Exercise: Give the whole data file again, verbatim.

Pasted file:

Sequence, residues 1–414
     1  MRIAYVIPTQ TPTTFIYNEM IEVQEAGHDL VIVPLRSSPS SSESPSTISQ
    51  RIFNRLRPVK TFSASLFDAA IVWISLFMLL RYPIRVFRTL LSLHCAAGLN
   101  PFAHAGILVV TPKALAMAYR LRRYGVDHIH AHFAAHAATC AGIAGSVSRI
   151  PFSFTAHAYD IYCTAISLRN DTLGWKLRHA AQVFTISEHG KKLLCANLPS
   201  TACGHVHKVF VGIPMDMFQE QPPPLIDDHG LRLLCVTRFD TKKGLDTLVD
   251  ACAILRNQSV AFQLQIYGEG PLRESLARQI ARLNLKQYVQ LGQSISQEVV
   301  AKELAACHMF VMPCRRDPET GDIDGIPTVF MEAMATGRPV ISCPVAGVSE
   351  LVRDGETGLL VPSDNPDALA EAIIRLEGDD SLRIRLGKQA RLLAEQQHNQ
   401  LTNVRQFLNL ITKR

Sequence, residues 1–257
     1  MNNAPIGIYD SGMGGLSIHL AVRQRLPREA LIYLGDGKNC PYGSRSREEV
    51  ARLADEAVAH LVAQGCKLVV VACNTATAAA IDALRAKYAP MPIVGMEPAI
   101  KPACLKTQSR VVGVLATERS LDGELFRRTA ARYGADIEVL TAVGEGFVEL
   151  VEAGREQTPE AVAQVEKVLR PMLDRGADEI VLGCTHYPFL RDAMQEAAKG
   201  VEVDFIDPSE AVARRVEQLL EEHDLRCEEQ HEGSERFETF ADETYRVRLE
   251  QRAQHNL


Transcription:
Sequence, residues 1–414
     1  MRIAYVIPTQ TPTTFIYNEM IEVQEAGHDL VIVPLRSSPS SSESPSTISQ
    51  RIFNRLRPVK TFSASLFDAA IVWISLFMLL RYPIRVFRTL LSLHCAAGLN
   101  PFAHAGILVV TPKALAMAYR LRRYGVDHIH AHFAAHAATC AGIAGSVSRI
   151  PFSFTAHAYD IYCTAISLRN DTLGWKLRHA AQVFTISEHG KKLLCANLPS
   201  TACGHVHKVF VGIPMDMFQE QPPPLIDDHG LRLLCVTRFD TKKGLDTLVD
   251  ACAILRNQSV AFQLQIYGEG PLRESLARQI ARLNLKQYVQ LGQSISQEVV
   301  AKELAACHMF VMPCRRDPET GDIDGIPTVF MEAMATGRPV ISCPVAGVSE
   351  LVRDGETGLL VPSDNPDALA EAIIRLEGDD SLRIRLGKQA RLLAEQQHNQ
   401  LTNVRQFLNL ITKR

Sequence, residues 1–257
     1  MNNAPIGIYD SGMGGLSIHL AVRQRLPREA LIYLGDGKNC PYGSRSREEV
    51  ARLADEAVAH LVAQGCKLVV VACNTATAAA IDALRAKYAP MPIVGMEPAI
   101  KPACLKTQSR VVGVLATERS LDGELFRRTA ARYGADIEVL TAVGEGFVEL
   151  VEAGREQTPE AVAQVEKVLR PMLDRGADEI VLGCTHYPFL RDAMQEAAKG
   201  VEVDFIDPSE AVARRVEQLL EEHDLRCEEQ HEGSERFETF ADETYRVRLE
   251  QRAQHNL